World Rock Paper Scissors Day

It is a game that transcends time. With a lengthy history and quick spread across the globe, it has sparked the interest of many – from children at recess to adults at casinos. Let’s dive into its history and influence over the years in honour of Rock Paper Scissors Day - 27 August!

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The History of Rock Paper Scissors

“Rock, Paper, Scissors” is one of the oldest known games.

There is even a World Rock paper Scissors Association dedicated to collecting the true history of this game, sharing it in tournaments, and more.

Let’s dive in.

The first ever written reference to the game was in a book titled Wuzazu, by Chinese Ming dynasty writer Xie Zhaozhi. In this text, he traces the game back to 206 BC – 220 AD.

After its success in China, it was played in Japan. Here, they changed the characters to a frog, slug, and snake. However, the core game remained the same.

In Japan, we finally saw the symbols for rock, paper, and scissors come in to play in the late 19th century. However, the word used for the open palm shape translated to “cloth”.

By the 20th century, “Rock, Paper, Scissors” had spread to the West.

Rock Paper Scissors in the 1900s

Written accounts of the “Rock Paper Scissors” phenomenon begin in the early 1900s in Europe and the USA.

1923: In Britain it was described in a letter, and the game was called “Zhot”
1927: A French kids' magazine described the game.
1932: The New York Times publishes the rules of the game.
1933: Compton’s Pictured Encyclopedia names the game “Jon Kem Po”.

Clearly, the game spread like wildfire in different areas across Europe and America.

While other games have lost their novelty over the years, “Rock, Paper, Scissors” has not.

This game is still loved, understood, and played by people all around the world – every day.

Fun Rock Paper Scissors facts

The USA had their own Rock Paper Scissors League. The first ever national champion won $50,000.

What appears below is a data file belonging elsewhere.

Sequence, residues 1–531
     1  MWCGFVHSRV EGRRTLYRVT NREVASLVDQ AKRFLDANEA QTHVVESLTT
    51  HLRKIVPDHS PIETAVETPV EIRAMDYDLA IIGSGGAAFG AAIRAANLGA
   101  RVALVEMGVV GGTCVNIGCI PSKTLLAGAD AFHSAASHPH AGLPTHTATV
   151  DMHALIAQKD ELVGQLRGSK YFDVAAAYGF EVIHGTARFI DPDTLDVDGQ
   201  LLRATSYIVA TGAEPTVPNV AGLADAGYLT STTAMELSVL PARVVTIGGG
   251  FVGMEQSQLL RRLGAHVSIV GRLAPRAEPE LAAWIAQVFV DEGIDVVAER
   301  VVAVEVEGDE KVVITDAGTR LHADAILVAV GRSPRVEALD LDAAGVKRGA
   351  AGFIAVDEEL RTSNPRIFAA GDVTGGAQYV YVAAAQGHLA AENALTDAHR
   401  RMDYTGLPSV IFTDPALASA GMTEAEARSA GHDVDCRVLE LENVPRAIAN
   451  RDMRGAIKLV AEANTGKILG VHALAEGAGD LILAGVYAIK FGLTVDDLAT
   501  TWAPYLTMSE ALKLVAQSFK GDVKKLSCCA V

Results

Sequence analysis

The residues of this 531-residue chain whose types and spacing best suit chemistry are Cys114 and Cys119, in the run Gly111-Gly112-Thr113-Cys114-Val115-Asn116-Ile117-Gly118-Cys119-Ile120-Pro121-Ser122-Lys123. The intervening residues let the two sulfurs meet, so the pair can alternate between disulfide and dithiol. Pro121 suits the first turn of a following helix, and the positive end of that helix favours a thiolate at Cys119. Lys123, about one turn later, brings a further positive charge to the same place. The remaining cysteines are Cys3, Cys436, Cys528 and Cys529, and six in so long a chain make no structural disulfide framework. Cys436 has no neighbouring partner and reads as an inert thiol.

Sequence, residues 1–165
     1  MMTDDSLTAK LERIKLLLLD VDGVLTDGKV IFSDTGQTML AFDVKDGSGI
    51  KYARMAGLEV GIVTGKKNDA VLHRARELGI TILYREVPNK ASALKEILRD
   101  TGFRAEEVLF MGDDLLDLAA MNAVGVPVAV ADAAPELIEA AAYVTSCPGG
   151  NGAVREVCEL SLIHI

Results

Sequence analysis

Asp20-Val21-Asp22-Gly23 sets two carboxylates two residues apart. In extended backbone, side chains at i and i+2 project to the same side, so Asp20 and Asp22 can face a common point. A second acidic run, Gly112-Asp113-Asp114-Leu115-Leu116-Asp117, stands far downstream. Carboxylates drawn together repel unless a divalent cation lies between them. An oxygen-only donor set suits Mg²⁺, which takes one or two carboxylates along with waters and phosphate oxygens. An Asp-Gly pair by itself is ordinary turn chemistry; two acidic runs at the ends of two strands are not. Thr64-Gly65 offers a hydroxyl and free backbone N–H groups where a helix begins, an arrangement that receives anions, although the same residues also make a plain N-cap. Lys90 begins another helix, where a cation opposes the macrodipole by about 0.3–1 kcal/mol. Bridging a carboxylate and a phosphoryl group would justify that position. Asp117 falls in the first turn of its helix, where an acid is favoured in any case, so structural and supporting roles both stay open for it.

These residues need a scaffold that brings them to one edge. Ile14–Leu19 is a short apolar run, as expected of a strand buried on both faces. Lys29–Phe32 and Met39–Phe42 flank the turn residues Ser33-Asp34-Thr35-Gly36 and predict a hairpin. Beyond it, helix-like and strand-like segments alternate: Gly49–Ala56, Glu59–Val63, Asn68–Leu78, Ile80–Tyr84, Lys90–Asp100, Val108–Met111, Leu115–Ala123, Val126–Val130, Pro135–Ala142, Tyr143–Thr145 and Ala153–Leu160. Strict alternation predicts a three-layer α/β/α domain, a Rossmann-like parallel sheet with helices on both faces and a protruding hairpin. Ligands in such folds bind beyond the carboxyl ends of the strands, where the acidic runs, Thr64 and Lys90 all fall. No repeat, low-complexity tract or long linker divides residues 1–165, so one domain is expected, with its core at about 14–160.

In Germany, they prefer to call it ‘Schnick, Schnack, Schnuck’.

In Chinese it is referred to as ‘Jiandao Shítou Bu’. While Japanese speakers will say ‘Janken’.

There have been many studies conducted that focus on the way people play along with which options they are most likely to choose. We recommend taking some time to look these up before playing your next opponent.

Rock Paper Scissors' influence on gaming

While “Rock, Paper, Scissors” is a great way to settle a dispute – it is also a great option for wagering.

We’ve seen many different platforms using different variations of this fun game.

Some play with the three symbols represented on cards that are drawn from a pile, while others have live events with real players.

It is a lot of fun to see this game expand into something beloved by many across the globe that can be celebrated and played in many ways.

More ways to play

If betting on a live “Rock, Paper, Scissors” match doesn’t sound like your thing – that’s okay! Why not join The Health Lottery and get involved in some fun while supporting good causes?

We offer Instant Win scratchcards , and lottery draws . Lottery draws are even simpler than “Rock, Paper, Scissors” matches, and you don’t need to keep your eye on your opponents.

The current society benefitting from funds raised is EWA Health CIC T/A HL Wales

The Health Lottery operates on behalf of 6 Community Interest Companies (CICs), managing 6 society lotteries that operate in 12 geographical regions across Great Britain. These exist to help tackle health inequalities in their respective areas. People’s Health Trust (PHT) is an independent charity that assesses grant applications and award funding across the 12 regions. Read about some of the good causes HERE. For information regarding all funded projects or to submit a grant application visit PHT HERE. 20.34% of every lottery draw ticket and online scratchcard purchased is donated to good causes. 36.02% is spent on prizes. 43.64% is spent expenses (actual expenses exceed this figure). Our average annual proceeds from lotteries are £12.5m. The odds of winning The Big Win jackpot are (1 in 2.1m) and the odds of winning any Big Win prize is (1 in 9.7). The odds of winning the All or Nothing jackpot is (1 in 1.35m) and the odds of winning any All or Nothing prize is (1 in 4.5). The odds of winning a QuickWin jackpot is (1 in 2.1m) and the odds of winning any QuickWin prize is (1 in 6). All winning lottery numbers are selected using an approved random number generator (RNG). Click on the links below for full T&Cs and FAQs for each of our games.

Please help us to support vital health causes in your community. Each of the 6 society lotteries is licensed by the Gambling Commission.